The Internet has become an essential tool for economic, social and cultural development of three billion users. However, most of Internet users are currently concentrated in developed countries, and more than 60% of the population of the developing countries is not yet connected. Various strategies can be developed to promote Internet connectivity but it seems necessary to assess the potential costs, benefits and risks related to these strategies in order to choose the options that maintain the sustainability of the 'Internet ecosystem'.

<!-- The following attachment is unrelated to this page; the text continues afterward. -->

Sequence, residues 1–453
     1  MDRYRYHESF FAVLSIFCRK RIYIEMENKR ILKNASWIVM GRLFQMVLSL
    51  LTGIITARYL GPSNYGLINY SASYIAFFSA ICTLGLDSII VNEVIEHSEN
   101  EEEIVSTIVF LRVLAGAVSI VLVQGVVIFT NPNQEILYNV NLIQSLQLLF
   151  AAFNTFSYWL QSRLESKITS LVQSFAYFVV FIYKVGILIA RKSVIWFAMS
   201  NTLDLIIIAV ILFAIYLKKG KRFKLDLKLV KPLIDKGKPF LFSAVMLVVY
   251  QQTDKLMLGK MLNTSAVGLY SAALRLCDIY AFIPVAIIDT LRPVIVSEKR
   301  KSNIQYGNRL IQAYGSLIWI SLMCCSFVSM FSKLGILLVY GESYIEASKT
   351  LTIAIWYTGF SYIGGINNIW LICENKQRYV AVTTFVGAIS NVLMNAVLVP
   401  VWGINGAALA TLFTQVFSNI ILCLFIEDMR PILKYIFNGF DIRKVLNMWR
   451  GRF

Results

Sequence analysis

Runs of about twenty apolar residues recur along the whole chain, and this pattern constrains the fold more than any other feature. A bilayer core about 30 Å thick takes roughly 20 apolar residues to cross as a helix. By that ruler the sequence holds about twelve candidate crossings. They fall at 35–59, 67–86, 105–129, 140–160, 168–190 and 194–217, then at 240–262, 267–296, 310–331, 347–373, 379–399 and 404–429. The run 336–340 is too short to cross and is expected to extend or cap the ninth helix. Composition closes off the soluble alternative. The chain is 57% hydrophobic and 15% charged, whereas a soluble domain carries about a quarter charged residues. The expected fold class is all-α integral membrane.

Aware of such challenges, the Center for Technology & Society (CTS) at FGV School of Law, Rio de Janeiro organized (April 29) the International Conference on Sustainable Connectivity. The event counted with representatives from the private sector, academia and civil society.
To access the schedule
Keynote: The Interdependence of Acess Policies and Economic Policies
Session 1: National Broaband Plan: can it work? [starts at 25:58min]
Session 2: Zero Rating: A sustainable option?
Session **: WTF is the Internet? A conversation with Bob Frankston on how to foster sustainable connectivity
Session 3: Lessons Learnes from International Experiences
Session 4: Emerging Issues. Data caps in Fixed Internet and Community Networks: What development model for Brazil?